At the end of the Harry Potter series, Professor Dumbledore reminds Harry that “words are… our most inexhaustible source of magic, capable of both inflicting injury and remedying it.” Spells, after all, are conjured through words, and across the books, misspoken spells have a habit of inflicting harm on the speaker themselves. But broken words—words used to misinform, obscure, or degrade meaning—are still incredibly powerful. Over time, they erode tongues, minds, and hearts. They can fracture societies. The once-sturdy foundation sinks into quicksand, into a routine of recrimination, half-truths, and lies.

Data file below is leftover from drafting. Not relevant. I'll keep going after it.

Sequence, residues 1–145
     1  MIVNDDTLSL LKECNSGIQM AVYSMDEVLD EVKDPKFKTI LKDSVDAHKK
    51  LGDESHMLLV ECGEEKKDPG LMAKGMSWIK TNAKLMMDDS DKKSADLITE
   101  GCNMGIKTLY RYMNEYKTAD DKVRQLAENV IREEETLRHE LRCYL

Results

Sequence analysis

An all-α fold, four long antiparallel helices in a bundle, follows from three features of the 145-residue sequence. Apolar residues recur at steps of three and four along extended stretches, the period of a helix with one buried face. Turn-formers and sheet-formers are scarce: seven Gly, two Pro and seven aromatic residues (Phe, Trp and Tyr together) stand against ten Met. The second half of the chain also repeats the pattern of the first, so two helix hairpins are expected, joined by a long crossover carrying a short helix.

It is staggering how normalized this kind of spellbound discourse has become in American life. You feel crazy for seeing so much craziness in everyday communication, and speaking out against so much craziness starts to feel even crazier. You get to a point where you can’t even trust your own words anymore.


“To what extent would people tolerate blasphemies if they gave them amusement? The answer is obvious, isn’t it? To any extent.” Paul Auster, City Of Glass

In his poem “Big Grab,” Tony Hoagland points to the way the meanings of words are subtly eroded over time, not just through common speech but through advertising, commerce, and politics. A corn chip bag intentionally contains a few less chips than before but it’s still called ‘The Big Grab.’ An absurd billboard sells “a beautiful girl / covered with melted cheese.” It feels like such an American poem, until Hoagland zooms out:

Confucius said this would happen: